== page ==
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A s I write this, my wife is days away from having our third child. We have two boys, ages five and three, and every day they remind us of their excitement to meet their baby sister by literally jumping off the walls and yelling at the top of their lungs. 

Last weekend, to get some reprieve from their excitement, I took them to the store to get some new LEGO®. We hoped the LEGO® would be an outlet for their energy and excitement, allowing them to create new characters to enjoy so that Hannah and I could put our feet up for a while before we go weeks (and maybe even months) without a good night of rest. 

To our amazement, it worked! They were so excited to play with their new LEGO® that they left us alone and peacefully played together (for the most part) all weekend long. God is good!

Now, imagine what would have happened if I had bought the LEGO®, brought them home, then told the boys they had to wait minutes or hours until they could play with their new toys. They would have been upset and disappointed; our house would not have been filled with peace and rest. 

The first sabbath in the Bible

This “wait to play” disappointment is how I imagine Adam and Eve might have felt when they were created. Instead of getting to build new things and steward the land right away, they were called to rest first, to cease doing anything in order to observe the land and the Creator (Genesis 2:3). Before they created, they were called to pause and to worship the Creator (although Adam did get to name the animals before resting).

I imagine they would have wrestled with God as they stopped and worshiped God. They were probably so excited to survey this new land—it probably even had that new smell. They were excited to use all of God’s good things to make even better things. They had the gift of living and worshiping in the perfect world before sin and brokenness. 

Isn’t that an amazing image? Adam and Eve are living in the perfect garden and feeling excited to make things even better, but they’re told to wait. They are called to the importance of sabbath rest.

Related: Sabbath Rest: How to Keep the Sabbath Holy

The impulse to act against injustice

For most of us, we look at our broken and imperfect world and feel convicted by the Lord to do something. We want to participate with the Holy Spirit to bring the prayers of Jesus to life today: “God, your kingdom come, your will be done, on earth as it is in heaven” (Matthew 6:10).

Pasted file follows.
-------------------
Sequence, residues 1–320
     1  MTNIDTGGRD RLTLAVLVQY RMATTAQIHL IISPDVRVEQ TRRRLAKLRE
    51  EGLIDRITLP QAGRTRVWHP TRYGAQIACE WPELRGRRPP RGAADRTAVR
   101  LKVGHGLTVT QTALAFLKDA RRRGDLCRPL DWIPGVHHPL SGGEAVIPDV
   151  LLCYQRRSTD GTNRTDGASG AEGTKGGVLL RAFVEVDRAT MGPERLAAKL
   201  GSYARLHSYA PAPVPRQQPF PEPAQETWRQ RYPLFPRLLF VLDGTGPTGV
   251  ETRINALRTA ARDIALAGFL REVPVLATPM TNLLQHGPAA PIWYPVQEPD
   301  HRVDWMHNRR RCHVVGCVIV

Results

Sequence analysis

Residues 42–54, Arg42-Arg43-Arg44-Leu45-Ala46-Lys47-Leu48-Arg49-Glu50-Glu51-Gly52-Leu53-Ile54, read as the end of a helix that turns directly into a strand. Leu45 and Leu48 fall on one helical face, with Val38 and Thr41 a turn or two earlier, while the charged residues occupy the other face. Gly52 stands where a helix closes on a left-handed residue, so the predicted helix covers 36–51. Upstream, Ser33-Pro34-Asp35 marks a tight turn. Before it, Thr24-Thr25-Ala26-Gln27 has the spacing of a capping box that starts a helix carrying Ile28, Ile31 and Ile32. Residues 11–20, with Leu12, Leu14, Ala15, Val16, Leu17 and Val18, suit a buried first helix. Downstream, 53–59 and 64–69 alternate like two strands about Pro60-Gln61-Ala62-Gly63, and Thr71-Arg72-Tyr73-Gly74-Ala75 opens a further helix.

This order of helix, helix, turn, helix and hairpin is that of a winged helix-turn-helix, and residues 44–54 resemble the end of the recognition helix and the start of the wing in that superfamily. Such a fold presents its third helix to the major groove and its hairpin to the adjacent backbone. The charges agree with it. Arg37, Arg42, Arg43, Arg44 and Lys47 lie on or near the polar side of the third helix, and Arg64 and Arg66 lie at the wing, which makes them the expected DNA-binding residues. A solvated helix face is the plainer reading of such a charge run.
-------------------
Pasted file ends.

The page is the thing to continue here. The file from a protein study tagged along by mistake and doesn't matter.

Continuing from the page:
This prayer begs us to bring God’s justice to the areas in our lives—our city, nation, and world—where there is injustice. It forces us to think outside of our current realities and to ask the Holy Spirit to use us to bring redemption and reconciliation to a broken world.

Related: Seeking Justice Is Central to God’s Calling for Leaders

However, like Adam and Eve, we are called to cease before we take steps to create a better world for people to experience true justice and shalom.

Like a child excited to play with new LEGO®, stopping to rest seems like a waste of time when we are inspired to do something about the injustice around us. We want to act now. We ask, “How can God use me to bring justice to the world if I rest for 24 hours?”

But sabbath rest is a key to doing justice work well. 

How sabbath rest better equips us to do justice

We sabbath to see how the Lord is forming us so that we can act in the world. We pause to pray and discern how the Lord wants to use us in this unjust world to bring justice, mercy, and compassion (Zechariah 7:9). We quiet and still ourselves, remembering that we are not God and that God wants the best for his children, especially those who are oppressed and marginalized (Matthew 25).

When we pause before acting to bring about justice, we remember that God wants justice and shalom more than we do. God desires the injustices of this world to be defeated. Sabbath rest also helps us to take a step back and see how God has brought us closer to the garden of shalom than we thought—the kingdom of heaven is coming here on earth.

Make no mistake: God wants you to act against injustice, and God will use you if you are willing.  Remember that God wants all his children to experience peace and justice more than you do! But following God sometimes means living the life of paradox—resting before action—to see God’s full redemptive plan at work in our lives and in the world.

Ben Aguilera

Ben Aguilera is the founding and lead pastor of the Boulevard Church in Holland, Michigan. He and his family can usually be found at the beach, at a park, or around a table with friends enjoying a good meal and conversation.